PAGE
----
• Proposed
  • Under Assessment
  • 3Preliminary Assessed
  • 4Assessed
  • 5Published

Caloplaca luteoalba (Turner) Th. Fr.

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Scientific name
Caloplaca luteoalba
Author
(Turner) Th. Fr.
Common names
orange-fruited elm lichen
iepenzonnetje
IUCN Specialist Group
Lichens
Kingdom
Fungi
Phylum
Ascomycota
Class
Lecanoromycetes
Order
Teloschistales
Family
Teloschistaceae
Assessment status
Under Assessment
Proposed by
David Minter
Assessors
David Minter
Comments etc.
Anders Dahlberg

Assessment Status Notes

Taxonomic notes

This species has recently been redisposed to the genus Cerothallia as Cerothallia luteoalba (Turner) Arup, Frödén & Søchting, Nordic Journal of Botany 31 (1): 40 (2013). [IndexFungorum LSID 802037; Teloschistaceae, Teloschistales].


Why suggested for a Global Red List Assessment?

There is some evidence that C. luteoalba is affected by climate change (GIORDANI & INCERTI, 2008). Following decline in populations in the 1960s and 1970s through sulphur dioxide air pollution, death of mature elm trees as a result of Dutch elm disease has meant a significant loss of habitat for this species (WATSON ET AL., 1988). In the UK removal of hedgerows and their associated trees in the 1970s and 1980s also meant a significant loss of habitat for this fungus [www.plantlife.org.uk/uploads/documents/management-guide-Lichens-and-elm-trees.pdf]. Using IUCN categories and criteria, Minter & Cannon (2013) evaluated this species globally as Near Threatened.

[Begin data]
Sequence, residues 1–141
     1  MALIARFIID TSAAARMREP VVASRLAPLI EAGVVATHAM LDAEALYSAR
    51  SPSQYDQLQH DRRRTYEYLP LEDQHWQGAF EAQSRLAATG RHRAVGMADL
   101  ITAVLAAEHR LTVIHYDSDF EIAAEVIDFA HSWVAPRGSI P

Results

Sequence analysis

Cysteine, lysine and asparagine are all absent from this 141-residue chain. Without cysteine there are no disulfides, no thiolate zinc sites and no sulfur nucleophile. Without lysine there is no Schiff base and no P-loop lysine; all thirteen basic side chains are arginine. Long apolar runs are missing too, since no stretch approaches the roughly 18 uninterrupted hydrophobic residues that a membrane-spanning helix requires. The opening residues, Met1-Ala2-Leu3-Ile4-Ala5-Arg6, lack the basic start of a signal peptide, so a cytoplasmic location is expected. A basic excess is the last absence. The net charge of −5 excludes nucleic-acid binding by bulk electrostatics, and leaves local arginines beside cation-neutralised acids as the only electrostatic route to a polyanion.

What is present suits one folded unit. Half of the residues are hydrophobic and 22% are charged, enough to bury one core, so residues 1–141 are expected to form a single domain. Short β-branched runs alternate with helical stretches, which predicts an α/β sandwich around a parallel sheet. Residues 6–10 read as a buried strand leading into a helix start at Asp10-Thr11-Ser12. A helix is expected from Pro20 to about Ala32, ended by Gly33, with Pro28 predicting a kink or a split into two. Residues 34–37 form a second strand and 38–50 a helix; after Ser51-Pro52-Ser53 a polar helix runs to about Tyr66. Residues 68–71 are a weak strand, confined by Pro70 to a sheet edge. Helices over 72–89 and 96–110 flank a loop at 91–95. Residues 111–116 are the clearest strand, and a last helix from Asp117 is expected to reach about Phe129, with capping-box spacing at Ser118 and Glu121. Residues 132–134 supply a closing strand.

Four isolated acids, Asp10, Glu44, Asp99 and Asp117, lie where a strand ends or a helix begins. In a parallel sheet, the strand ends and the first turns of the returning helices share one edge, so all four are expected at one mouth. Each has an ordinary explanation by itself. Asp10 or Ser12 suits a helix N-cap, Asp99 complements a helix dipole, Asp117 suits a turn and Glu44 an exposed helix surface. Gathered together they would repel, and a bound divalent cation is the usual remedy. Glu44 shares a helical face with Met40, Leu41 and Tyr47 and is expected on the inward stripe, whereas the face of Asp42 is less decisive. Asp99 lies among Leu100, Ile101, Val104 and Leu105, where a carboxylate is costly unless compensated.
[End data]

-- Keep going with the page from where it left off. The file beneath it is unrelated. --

Geographic range

AFRICA: Morocco, South Africa. ASIA. Iran, Israel, Syria. ATLANTIC OCEAN. Portugal (Azores). AUSTRALASIA. Australia (Western Australia). EUROPE: Austria, Czech Republic, Denmark, France, Germany, Hungary, Ireland, Italy, Netherlands, Norway, Poland, Slovakia, Slovenia, Spain, Sweden, Switzerland, UK, Ukraine. NORTH AMERICA: USA (Colorado, Washington). A native of temperate Europe, North America and western Asia; said to be native to Western Australia [http://florabase.dpaw.wa.gov.au/browse/profile/27637], status elsewhere unclear. Records up to 150 m above sea level, but doubtless occurs higher.


Population and Trends

There is some evidence that C. luteoalba is affected by climate change (GIORDANI & INCERTI, 2008). Following decline in populations in the 1960s and 1970s through sulphur dioxide air pollution, death of mature elm trees as a result of Dutch elm disease has meant a significant loss of habitat for this species (WATSON ET AL., 1988).

Population Trend:


Habitat and Ecology